While, to Milton Friedman, the test of an economic theory was how it worked out in practice, to the man he read out of the science, Ludwig von Mises, such tests could never be conclusive, for there was always the question of whether concurring events were cause and effect or coincidence.

“The question whether there is any connection between them can only be answered by† a theory “established beforehand on the ground of aprioristic reasoning†¦If there were no economic theory†¦economic facts would be nothing more than†¦unconnected data open to any arbitrary interpretation.†

Since they are all complex, “Every historical experience is open to various interpretations and is in fact interpreted in different ways†¦History can neither prove nor disprove any general statement.†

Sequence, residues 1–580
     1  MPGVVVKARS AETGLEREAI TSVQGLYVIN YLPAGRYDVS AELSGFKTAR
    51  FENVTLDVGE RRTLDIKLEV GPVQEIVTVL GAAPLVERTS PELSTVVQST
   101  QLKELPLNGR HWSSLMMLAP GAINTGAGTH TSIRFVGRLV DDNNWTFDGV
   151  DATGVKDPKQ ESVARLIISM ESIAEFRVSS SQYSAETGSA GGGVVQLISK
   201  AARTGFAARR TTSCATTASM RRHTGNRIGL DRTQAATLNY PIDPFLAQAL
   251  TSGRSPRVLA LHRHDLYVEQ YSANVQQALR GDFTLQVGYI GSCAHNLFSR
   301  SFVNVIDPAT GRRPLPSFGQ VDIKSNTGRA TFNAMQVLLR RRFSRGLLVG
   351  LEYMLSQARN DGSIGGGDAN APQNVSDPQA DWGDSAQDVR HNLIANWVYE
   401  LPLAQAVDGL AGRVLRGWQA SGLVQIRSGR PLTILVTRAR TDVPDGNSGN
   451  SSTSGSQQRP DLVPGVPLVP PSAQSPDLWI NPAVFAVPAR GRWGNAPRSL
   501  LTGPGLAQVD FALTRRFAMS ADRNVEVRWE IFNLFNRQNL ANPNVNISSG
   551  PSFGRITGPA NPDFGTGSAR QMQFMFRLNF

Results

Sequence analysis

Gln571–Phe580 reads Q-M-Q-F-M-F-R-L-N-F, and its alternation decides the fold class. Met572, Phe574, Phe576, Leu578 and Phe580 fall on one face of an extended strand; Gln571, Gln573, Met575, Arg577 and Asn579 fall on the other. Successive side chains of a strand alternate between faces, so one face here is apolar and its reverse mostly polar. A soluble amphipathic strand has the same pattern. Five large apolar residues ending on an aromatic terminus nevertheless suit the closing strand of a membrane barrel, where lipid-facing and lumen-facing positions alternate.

That is not to rule out empiricism altogether. For the basic premises of economic theory, such as the disutility of labor and variety of resources, are derived from observation. But the theory itself is antecedent to all other historical facts.


Since everything I have given you above is right out of Mises and Rothbard, whatever you're saying about me you're saying about them.


While I realize experiments including randomized ones have been around a long time, what you say might be construed to suggest (a) why their policy impact at government level has not been enormous, and (b) that their policy ambitions are now greater.

I certainly don’t mean to be negative about the prize or recipient, only to note a trend with implications in a field where policy impacts on human futures and to worry a little about it. I restricted myself to development economics because that’s my training and because there’s a history of fashions in development economics often labeled paradigm shifts.